Jasper Johns, Corpse and Mirror II, 1974-75. Oil and sand on canvas (4 panels), 57 5/8 x 75 1/4 in. (146.4 x 191.1 cm). Collection of the Artist. © Jasper Johns / Licensed by VAGA at Artists Rights Society (ARS), New York, NY.
Johns would agree. It speaks to a self-portrait writ in stone – and likely an eponymous foundation down the line – that so many of the great works on show here remain in his personal collection.
Relevant, too, is his age. Compared with the average 40-year lifespan of history’s major artists (with all that time out for travelling when passable roads opened up new commissions), Johns’s arc has spanned the full day’s work of four generations. A retrospective of his life’s work thus takes on cosmic meaning – and that both palette and content remain fertile suggests that his output constitutes an entire ecosystem, one fed by a still-curious mind, agile brush, and memories rich for mining. Even the late works, generally referred to as elegies, call on obsessive innovation.
No greater confirmation than from those attending opening night. Generally more interested in the meet and greet, and skimming the wall labels for who owns what, to a person the VIP attendees stopped in their tracks. Craig Starr of the eponymous gallery summed it up: “This confirms everything I’ve ever thought about Johns, the consistent quality of the work over so many years, the aesthetic, reinvention ….” and when he ran out of superlatives, he threw up his arms and said: “WOW!”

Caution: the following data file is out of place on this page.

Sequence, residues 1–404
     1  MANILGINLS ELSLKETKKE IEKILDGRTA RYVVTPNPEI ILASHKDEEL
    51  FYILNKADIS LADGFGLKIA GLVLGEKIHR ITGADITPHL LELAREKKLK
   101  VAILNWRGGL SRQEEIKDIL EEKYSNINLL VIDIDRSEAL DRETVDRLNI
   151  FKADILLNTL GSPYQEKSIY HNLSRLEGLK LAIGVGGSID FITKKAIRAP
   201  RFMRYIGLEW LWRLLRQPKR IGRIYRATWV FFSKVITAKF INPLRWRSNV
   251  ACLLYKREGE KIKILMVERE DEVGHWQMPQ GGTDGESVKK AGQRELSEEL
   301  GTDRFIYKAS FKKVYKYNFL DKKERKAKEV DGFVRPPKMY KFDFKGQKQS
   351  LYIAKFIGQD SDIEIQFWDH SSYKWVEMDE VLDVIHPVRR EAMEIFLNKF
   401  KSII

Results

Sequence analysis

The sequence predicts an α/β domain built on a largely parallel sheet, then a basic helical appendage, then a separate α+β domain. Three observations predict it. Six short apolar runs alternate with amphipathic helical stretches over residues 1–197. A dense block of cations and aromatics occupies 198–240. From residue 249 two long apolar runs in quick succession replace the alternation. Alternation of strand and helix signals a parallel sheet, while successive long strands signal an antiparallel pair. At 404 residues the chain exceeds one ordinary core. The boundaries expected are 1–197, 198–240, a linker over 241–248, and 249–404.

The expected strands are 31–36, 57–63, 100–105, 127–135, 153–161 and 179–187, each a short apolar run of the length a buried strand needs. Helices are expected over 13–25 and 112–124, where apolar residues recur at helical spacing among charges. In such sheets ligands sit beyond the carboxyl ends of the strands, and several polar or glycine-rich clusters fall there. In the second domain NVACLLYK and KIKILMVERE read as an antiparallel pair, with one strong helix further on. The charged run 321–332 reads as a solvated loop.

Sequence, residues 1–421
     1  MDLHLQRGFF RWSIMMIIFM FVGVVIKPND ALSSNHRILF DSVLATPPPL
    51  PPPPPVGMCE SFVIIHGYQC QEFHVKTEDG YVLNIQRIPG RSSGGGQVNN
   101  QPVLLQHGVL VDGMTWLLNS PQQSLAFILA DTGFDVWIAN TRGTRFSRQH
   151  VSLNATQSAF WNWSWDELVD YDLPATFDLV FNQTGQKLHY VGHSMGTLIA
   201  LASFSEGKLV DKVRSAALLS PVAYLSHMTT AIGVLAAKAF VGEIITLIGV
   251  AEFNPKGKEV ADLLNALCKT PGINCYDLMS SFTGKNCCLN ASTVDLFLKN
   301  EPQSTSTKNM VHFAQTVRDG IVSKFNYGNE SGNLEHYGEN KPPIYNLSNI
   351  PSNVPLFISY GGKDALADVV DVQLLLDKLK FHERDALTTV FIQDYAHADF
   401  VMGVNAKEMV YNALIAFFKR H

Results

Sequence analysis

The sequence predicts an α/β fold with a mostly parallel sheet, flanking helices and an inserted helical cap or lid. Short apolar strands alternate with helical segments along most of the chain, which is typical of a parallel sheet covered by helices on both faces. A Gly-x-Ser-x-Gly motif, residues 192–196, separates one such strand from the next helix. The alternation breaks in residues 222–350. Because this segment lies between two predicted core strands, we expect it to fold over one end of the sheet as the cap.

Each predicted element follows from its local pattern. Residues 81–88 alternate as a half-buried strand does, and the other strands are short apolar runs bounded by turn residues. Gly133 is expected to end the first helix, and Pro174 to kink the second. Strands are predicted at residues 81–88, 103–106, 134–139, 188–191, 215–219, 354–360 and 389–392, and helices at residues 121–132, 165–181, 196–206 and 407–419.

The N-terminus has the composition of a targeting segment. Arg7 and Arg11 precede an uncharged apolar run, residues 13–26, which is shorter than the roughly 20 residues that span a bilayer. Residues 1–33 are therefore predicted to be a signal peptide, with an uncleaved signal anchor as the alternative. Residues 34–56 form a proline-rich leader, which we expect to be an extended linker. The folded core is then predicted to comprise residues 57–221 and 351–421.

The New Whitney
As the Whitney opens its doors for the first time at its new building, it is clear that architect Renzo Piano has not disappointed – the museum’s footprint is palatial, its presence majestic. And with most of its collection left offstage for future exhibitions, the inaugural show is but a teaser
Jasper Johns: Regrets
Jasper Johns’ new works at the Courtauld Gallery, Regrets, take inspiration from Francis Bacon, Lucian Freud and the photographer John Deakin. The result is a powerful, if enigmatic exhibition
Tim Rollins and KOS’s Angel Abreu and Rick Savinon: interview
In 1981, when he was 26, Tim Rollins was asked to develop a curriculum for an intermediate school in the South Bronx that incorporated the making of art with reading and writing as a way to engage young, academically or emotionally “at-risk” students. Together, they began a process they called “jammin’”, in which Rollins or one of the students read aloud from selected books as the others drew, personalising the stories.
Dancing Around the Bride: Cage, Cunningham, Rauschenberg and Duchamp
This is not the first time we have “danced around the bride”. It is now well acknowledged that since the Bride rose to fame, art practice has been dancing around this mysterious figure first envisioned in Duchamp’s (in)famous work The Bride Stripped Bare by Her Bachelors, Even (1915-23) in one way or another.
Roni Horn aka Roni Horn
In the artist’s most comprehensive survey to date, Roni Horn fuses image and text to enable contemplation of the impact of the water and weather on human identity, in an exhibition that will be adapted to the light and architecture of each museum